At least no-one used the word “ethnics”

Another day, another immigration panic. This time, it’s Metro, warning “UK population will be ‘largest in Western Europe by 2050’“,* though the Express mentions it too in less detail.

The population will jump to 77million by the middle of the century with France, which has more than double Britain’s land area, in second place with 70million inhabitants.

Germany, currently the EU’s biggest country with 81.6million people, will see its population slump to 71.5million, owing to low birth rates, fewer immigrants and ageing population.

This is a multipurpose blog post; since an article like like comes out every week (I’d probably have written something like this after the infamous “1-in-5 Britons will be ethnics” article, but there were bigger problems with that than just misleading use of data) I’ll try to be as general as I can.

The big problem with these articles (apart from that Metro hasn’t worked out that 70 million is less than 71.5 million) is that they don’t mention how wide a margin there actually is in population projections. The headline figure Metro goes for is 77 million, but according to the UN data, depending on whether you go with the low variant or the high variant, the UK’s population in 2050 could be anything from 64 million to 81.5 million.

Germany’s population, likewise, could be as low as 63 million or could be as high as 79 million. France’s population could be 60 million or it could be 76 million. Annoyingly, the Population Reference Bureau whose paper this article is based on this doesn’t seem to give their upper and lower bounds, but I’d imagine they’d be similar.

The data as Metro wants you to read it. Years on x-axis, population in thousands on y-axis.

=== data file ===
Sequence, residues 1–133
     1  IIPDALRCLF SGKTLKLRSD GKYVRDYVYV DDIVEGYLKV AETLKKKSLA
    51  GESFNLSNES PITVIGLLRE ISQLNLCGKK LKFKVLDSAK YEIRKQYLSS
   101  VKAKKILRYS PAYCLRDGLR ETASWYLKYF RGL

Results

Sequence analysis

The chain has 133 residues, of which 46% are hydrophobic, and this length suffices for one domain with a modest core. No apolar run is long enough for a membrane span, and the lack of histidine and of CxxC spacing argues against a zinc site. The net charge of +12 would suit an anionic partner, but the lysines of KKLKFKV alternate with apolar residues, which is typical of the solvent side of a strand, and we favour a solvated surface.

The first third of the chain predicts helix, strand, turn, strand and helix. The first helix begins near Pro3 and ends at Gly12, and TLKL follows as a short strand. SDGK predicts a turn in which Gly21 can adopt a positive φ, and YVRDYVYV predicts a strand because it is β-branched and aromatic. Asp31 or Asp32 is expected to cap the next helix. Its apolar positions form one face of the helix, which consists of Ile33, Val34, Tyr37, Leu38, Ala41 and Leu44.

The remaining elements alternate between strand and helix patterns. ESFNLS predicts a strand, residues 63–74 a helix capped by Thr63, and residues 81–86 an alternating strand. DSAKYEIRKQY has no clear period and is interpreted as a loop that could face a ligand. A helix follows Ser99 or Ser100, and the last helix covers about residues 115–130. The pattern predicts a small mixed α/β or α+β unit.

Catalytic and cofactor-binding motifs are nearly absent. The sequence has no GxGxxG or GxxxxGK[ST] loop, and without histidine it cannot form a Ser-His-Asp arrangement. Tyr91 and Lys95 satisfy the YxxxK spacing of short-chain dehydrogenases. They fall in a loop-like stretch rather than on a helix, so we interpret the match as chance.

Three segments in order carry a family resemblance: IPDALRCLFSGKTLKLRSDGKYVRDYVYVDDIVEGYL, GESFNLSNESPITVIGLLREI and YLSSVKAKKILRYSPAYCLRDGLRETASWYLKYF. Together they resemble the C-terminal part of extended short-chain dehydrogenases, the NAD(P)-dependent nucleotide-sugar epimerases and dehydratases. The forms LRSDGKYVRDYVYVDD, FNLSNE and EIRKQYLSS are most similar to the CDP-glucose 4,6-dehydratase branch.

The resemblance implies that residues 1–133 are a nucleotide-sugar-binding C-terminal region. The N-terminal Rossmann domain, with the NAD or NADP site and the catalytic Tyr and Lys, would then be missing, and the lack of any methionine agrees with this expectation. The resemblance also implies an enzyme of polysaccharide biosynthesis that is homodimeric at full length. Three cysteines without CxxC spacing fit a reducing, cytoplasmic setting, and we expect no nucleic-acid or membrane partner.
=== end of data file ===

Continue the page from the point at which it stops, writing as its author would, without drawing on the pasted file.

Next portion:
The actual spread of population projections, UN high variant and low variant. An alternative colourblindness-safe version is at the bottom of the page.

Now, the UK’s population will grow over the next 40 years, and its entirely possible that growth will take us past France and Germany, but there’s too much spread to be as certain as Metro appears to be. It just takes a slight miscalculation of Germany’s birthrate, or a tiny variation in the UK’s immigration levels, and the entire graph changes drastically.

Just to put these numbers in perspective, by the way, even at the very worst, if the UK’s population hits 81.5 million, our population density will be 335 people per square kilometre. Right now, the population density of Belgium is 350 people/km2, the population density of the Netherlands is 401 people/km2, and the population density of South Korea is 487 people/km2. Global population growth as a whole is very bad for the environment indeed, but the growth of the UK on its own is not the problem, and certainly not growth caused by immigration. An 80 million person Britain is not the doomsday scenario that the tabloids would have us believe.

* I’m almost certain that by tomorrow though the Daily Mail will drag out Sir Andrew Green and MigrationWatch** to have their say on this though.

** MigrationWatch quote on their website, as some sort of vindication of their position, a quote from a government email.

“I have made this point many times before but can we please stop saying that Migrationwatch forecasts are wrong. I have pointed out before that Migrationwatch assumptions are often below the Government Actuarys Department high migration variant.”

Of course the fact that their estimates are “often below” the greatest upper bound doesn’t mean that they aren’t still improbably and misleadingly high.

A black and white version of the population projection spread graph. Undotted line is Germany, once dotted line is France and twice dotted line is the UK.



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